Tommy Girl by Tommy Hilfiger was launched in 1996 and was created by perfumer Calice Becker. Re-smelling it today - now - is perceiving the fragrance in a completely different light. Tommy Girl in the formulation bought ca. the earlier 2000s smells like something my grand-mother could have worn. We know what happened.
When I first experienced it consciously, I was struck by its radiance, its freshness and its diffusive power. But smelling it at the end of 2011 is coming nose to nose with a conspicuous oakmoss accord, that you did not notice in the era which predates IFRA regulations about politically correct oakmoss dosages...
Calice Becker said not too long ago, but I can't recall where, that using the same dosages of oakmoss as in the recent past would be condemning new launches to smelling dated.
As the author of Tommy Girl (1996), the tea fragrance for the youthful masses inspired by the more niche Eau Parfumée au Thé Vert by Bulgari (1993) signed by Jean-Claude Ellena (at least initially, when it started out as a boutique exclusive), she would have had to come to terms with the same problem in relatively "older" launches, especially those epitomizing youthful scents and young skin. When I say "older" it's relative to the high-speed rate of fragrance launches in the industry, which as I said in the past, is mimicking more and more the insane rhythms of the fashion industry where you can say without smiling almost, "It's so 2011!" at the end of the annum.
Michael Edwards just announced that there were at least about 1200 new launches in 2011.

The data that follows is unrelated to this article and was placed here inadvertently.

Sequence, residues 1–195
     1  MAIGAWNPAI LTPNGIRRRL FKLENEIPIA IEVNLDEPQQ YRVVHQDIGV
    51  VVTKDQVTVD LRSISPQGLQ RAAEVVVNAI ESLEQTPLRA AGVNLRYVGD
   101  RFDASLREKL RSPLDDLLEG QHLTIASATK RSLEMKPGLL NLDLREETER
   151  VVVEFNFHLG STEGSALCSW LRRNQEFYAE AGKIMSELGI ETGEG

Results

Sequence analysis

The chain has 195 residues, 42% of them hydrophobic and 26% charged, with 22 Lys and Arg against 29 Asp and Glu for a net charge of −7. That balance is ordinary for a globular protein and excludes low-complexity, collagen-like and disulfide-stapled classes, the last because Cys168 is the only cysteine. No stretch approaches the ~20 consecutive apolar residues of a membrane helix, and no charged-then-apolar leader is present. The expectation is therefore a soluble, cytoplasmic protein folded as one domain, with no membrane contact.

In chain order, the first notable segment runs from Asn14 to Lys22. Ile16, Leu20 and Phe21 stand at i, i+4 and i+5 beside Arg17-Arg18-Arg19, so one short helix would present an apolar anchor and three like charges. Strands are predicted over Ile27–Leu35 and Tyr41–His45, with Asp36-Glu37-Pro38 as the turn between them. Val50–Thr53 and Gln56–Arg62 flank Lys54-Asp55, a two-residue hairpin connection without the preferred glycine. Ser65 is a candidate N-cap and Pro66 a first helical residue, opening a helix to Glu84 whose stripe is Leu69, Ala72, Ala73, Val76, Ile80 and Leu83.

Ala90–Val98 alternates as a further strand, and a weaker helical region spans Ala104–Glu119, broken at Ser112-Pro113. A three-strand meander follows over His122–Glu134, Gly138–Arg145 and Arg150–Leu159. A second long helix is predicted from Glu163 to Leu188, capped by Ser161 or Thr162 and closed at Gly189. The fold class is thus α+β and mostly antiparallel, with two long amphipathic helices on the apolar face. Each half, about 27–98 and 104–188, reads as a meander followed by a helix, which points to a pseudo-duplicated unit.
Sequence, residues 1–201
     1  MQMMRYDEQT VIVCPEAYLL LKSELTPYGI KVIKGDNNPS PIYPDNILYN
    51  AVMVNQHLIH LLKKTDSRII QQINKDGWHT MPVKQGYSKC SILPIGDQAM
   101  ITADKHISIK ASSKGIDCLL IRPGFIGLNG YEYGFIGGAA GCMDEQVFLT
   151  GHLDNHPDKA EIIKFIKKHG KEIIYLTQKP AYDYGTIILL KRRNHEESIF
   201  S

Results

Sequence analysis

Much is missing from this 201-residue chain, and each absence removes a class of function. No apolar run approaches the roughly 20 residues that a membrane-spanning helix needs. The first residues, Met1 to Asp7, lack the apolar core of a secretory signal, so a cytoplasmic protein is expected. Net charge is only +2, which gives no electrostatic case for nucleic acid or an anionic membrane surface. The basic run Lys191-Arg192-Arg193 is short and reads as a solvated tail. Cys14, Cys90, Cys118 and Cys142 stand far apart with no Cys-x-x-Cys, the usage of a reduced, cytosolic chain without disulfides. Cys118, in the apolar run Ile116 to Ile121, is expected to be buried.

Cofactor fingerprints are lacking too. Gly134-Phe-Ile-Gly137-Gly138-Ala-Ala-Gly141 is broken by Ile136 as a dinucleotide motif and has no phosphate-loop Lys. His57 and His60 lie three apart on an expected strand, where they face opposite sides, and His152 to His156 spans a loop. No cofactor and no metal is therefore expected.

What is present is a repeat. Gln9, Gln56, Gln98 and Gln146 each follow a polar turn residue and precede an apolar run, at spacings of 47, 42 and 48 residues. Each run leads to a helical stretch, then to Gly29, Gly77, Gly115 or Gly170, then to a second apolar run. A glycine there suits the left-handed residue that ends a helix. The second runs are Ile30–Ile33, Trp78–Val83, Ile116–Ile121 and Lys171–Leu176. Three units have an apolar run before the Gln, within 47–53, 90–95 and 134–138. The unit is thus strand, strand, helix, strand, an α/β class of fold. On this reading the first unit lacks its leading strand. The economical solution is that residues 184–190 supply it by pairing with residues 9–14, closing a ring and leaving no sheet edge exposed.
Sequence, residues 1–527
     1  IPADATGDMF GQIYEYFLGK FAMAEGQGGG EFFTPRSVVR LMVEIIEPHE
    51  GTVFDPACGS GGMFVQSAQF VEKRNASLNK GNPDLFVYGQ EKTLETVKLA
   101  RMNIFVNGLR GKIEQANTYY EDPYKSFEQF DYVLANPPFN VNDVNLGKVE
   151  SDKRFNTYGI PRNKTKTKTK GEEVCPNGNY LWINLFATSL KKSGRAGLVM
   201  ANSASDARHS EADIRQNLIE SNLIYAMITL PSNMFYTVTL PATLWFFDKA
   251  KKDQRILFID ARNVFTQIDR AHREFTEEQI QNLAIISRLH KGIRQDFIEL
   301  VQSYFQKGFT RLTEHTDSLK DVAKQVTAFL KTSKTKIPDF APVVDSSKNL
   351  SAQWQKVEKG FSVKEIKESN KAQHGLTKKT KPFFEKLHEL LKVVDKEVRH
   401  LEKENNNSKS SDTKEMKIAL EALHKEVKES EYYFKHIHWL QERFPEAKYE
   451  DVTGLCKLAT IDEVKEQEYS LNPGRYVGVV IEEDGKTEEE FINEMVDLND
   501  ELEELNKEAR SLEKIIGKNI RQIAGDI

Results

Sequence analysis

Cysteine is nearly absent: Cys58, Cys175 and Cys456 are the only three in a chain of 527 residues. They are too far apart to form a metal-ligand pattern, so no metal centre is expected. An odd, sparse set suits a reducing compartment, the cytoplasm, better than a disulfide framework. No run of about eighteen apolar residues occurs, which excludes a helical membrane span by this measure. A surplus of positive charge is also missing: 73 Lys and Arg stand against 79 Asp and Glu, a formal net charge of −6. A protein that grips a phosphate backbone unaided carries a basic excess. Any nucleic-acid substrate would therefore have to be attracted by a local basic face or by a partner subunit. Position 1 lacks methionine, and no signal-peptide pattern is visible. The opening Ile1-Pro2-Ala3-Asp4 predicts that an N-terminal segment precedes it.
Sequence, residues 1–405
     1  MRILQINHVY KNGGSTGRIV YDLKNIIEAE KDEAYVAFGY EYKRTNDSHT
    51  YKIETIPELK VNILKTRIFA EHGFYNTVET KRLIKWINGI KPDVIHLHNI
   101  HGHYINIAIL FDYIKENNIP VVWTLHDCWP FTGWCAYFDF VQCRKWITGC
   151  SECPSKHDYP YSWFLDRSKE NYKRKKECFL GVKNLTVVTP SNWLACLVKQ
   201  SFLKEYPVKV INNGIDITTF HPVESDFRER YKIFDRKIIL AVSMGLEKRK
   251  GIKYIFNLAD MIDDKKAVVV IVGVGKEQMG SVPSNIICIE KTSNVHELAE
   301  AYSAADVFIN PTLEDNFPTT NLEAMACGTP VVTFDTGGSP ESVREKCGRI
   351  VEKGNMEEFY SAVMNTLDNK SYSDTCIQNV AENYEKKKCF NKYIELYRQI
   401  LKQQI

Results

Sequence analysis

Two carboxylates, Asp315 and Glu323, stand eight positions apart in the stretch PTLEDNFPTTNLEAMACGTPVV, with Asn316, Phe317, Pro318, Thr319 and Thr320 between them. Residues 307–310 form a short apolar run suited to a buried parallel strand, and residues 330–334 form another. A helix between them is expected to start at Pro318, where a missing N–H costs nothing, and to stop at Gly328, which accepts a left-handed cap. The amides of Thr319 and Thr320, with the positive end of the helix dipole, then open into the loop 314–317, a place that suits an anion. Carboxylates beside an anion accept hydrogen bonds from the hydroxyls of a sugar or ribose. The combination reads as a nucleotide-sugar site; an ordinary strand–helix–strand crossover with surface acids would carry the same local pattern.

Now I couldn't agree more with her realistic statement as I'm rediscovering her formerly unambiguously fresh, brisk, bracing opus, which now smells like an old-school Parisian perfume rescued from the trunk of a World War II G. I.. It smells, strangely enough, that dated despite the still-crisp-looking flacon.
Where did the new American freshness and cleanliness go?
Our noses have already become used to new olfactory norms.The fifth sense being the subtle one, even minute changes in doses can shape our standard expectations.
And with freshness, it seems that we are headed towards more and more freshness, and that there is no going-back.
But the nose being such an adaptive instrument, it could theoretically go back, slowly and progressively, provided fine perfumery works hand in hand with functional perfumery, from where our most common olfactory cues come from. But that is not going to happen any time soon despite the new laundry detergent as Oriental composition, the note of luxury of the category. Oud however as the newly established somber note in the palette of the perfumer will make sure we keep our deep-notes sensitivity abreast.
I'm sure that since I bought the bottle of Tommy Girl perfume, the composition must have been reformulated to meet the new standards of freshness. But the fact remains that perfumes age, not only materially, but culturally, and apparently, very fast at that when wide-ranging changes are introduced in our environment.
Who knew Tommy Girl would one day smell, not like the 1990s, but the 1940s? Something more akin to La Fuite des Heures. Or is it that the most gracile, airy and fragilely luminous notes are condemned to disappear more surely than the heavy, base notes? One day, we might look back at the past mostly through the base notes of perfumes. This is why conservation work and adaptive reformulation work are necessary. Today, I also smelled Dana 20 Carats (1933) from an old flacon, with only the remaining base notes in it: it smelled exactly like Estée Lauder Youth-Dew (1953), 20 years prior to its launch, hinting at the existence of a well-known old base.